Cinematographer Harris Savides on Trust, Birth, and Invisible Light


“I light a room and let the people inhabit it, as opposed to lighting the people,” says Birth cinematographer Harris Savides, explaining his philosophy of illumination. “It’s more organic. You want to protect the people you’re working with, and there’s a constant battle between the best light for their face and the best light for the story. You don’t want to get to the point where the audience notices the light.”

Critics, for their part, have noticed Savides’s work—he won last year’s New York Film Critics Circle and Voice-poll cinematography awards. The New York–based SVA graduate describes his latest partnership, with Birth director Jonathan Glazer, as a product of trust and guesswork. “It’s kind of like the Wong Kar-wai process,” says Savides, who shot Wong’s BMW short The Follow. “Jon’s always trying to surprise himself—he told me afterwards that he’d improvised the whole thing. He showed me some films but was careful to say that we were not to take anything specific from it. I remember we watched [Robert Bresson’s donkey spiritual] Au Hasard Balthazar. . . . I guess Balthazar’s arc is the same as Nicole [Kidman]’s in Birth.”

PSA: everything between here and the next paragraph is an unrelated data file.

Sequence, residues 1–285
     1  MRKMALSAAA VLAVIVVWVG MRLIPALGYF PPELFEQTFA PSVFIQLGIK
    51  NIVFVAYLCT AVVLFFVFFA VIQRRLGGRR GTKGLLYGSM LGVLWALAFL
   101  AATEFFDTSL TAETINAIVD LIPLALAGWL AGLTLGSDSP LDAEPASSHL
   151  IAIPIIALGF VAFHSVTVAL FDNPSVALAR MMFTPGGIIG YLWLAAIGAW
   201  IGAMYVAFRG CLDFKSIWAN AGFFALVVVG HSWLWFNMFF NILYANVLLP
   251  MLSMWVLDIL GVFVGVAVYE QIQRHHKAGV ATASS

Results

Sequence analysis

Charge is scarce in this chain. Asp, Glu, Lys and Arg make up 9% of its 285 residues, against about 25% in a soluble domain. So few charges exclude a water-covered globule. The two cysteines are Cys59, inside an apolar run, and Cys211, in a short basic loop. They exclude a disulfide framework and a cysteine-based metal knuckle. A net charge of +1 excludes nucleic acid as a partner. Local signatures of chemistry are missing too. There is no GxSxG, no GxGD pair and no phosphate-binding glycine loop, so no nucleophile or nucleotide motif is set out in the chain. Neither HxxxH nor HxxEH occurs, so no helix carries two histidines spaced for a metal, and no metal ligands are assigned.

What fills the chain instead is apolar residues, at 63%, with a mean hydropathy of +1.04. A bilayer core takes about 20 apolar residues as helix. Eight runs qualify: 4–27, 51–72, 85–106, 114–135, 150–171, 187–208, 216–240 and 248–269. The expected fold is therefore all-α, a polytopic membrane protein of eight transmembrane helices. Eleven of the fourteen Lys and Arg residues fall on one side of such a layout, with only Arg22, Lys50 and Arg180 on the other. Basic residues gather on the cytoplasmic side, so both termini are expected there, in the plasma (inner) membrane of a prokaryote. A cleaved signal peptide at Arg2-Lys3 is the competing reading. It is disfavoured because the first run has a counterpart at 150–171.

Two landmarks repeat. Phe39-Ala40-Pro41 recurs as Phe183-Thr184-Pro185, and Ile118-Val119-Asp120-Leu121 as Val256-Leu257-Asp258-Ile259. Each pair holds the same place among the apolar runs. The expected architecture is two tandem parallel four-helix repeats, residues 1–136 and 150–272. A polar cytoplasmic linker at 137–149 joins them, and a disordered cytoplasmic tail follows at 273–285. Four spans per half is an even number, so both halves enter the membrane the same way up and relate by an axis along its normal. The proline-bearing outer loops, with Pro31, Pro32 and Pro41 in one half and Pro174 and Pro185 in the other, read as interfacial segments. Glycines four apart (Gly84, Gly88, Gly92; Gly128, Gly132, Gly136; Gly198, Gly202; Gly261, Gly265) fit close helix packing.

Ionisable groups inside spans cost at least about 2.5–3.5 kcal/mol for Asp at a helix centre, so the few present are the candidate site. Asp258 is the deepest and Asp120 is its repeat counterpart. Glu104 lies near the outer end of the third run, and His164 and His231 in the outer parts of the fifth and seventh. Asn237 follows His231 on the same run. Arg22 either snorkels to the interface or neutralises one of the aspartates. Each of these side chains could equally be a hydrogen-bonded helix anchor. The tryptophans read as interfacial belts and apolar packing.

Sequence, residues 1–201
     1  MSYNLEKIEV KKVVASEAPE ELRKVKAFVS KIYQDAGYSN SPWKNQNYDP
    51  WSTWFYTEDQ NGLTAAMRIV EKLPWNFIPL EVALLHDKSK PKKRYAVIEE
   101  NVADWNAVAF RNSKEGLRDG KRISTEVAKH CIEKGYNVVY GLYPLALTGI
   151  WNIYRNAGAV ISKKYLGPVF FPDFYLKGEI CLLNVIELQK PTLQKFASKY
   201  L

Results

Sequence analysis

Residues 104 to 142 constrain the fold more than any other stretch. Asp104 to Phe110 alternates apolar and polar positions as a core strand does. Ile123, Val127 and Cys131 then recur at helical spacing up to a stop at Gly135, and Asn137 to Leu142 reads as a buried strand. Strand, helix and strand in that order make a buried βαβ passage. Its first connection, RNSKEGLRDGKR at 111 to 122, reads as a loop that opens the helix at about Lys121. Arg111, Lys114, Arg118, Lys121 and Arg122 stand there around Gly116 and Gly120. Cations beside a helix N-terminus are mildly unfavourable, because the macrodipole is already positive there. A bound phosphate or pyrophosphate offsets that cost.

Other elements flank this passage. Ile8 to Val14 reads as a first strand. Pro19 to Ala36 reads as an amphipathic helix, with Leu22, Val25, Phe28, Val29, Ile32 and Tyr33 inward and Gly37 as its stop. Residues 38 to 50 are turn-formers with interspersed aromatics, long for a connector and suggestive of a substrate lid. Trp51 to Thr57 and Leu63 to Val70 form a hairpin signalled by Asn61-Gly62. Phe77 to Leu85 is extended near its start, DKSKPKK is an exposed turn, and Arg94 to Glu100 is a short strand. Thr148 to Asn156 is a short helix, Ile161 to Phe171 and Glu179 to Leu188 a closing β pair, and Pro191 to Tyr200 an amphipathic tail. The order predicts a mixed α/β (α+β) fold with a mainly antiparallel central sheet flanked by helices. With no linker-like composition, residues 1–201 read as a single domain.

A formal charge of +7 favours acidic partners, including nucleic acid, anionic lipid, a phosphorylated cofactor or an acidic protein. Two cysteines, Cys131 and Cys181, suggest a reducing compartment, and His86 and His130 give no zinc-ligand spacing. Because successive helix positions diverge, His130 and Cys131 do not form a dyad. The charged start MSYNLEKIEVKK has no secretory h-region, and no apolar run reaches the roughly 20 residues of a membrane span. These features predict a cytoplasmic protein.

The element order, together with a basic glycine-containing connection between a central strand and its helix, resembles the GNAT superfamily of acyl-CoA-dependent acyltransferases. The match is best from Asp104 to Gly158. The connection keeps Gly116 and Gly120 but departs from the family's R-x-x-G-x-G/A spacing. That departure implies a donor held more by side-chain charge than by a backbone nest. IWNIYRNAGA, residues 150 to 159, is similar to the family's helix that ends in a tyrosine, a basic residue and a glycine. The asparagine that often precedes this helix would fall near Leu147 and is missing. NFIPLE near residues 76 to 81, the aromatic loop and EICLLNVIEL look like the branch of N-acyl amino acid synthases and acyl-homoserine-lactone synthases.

Savides says that even though Glazer wanted the movie to be somber, he had trouble articulating the visual style. “Finally, we saw one location photo—the lobby of the Waldorf-Astoria, dark marble and warm colors. And Jon just said, ‘That’s it.’ ” Birth‘s otherworldly pall, Savides says, was achieved by lighting from overhead and through muslin, and “we also had to underexpose the film quite a bit.”

After getting his start in the European fashion world, Savides shot a few visually striking movies (James Gray’s The Yards, David Fincher’s The Game) and a string of iconic music videos: Fiona Apple’s “Criminal,” Nine Inch Nails’ “Closer,” Madonna’s “Bedtime Story” (all for Mark Romanek). But he’s best-known for his recent Gus Van Sant collaborations: Gerry, which pays tribute to the mystical powers of the long take, and Elephant, in which the signature shot—a spectral Steadicam glide from behind—deftly conflates an eerie horror movie trope and an empathetic documentary one (familiar from verité and the Dardenne brothers). Savides also shot Van Sant’s just completed Kurt Cobain movie, Last Days, and credits the director with inspiring his new “story-based” approach. “After working with Gus, I can’t go back to just loving the visuals,” he says. “On one level, I don’t want the work to be photographic. But I’d also have trouble doing a comedy, where there’s so much that needs to be delivered verbally. It’s about having an opportunity to tell the story without words.”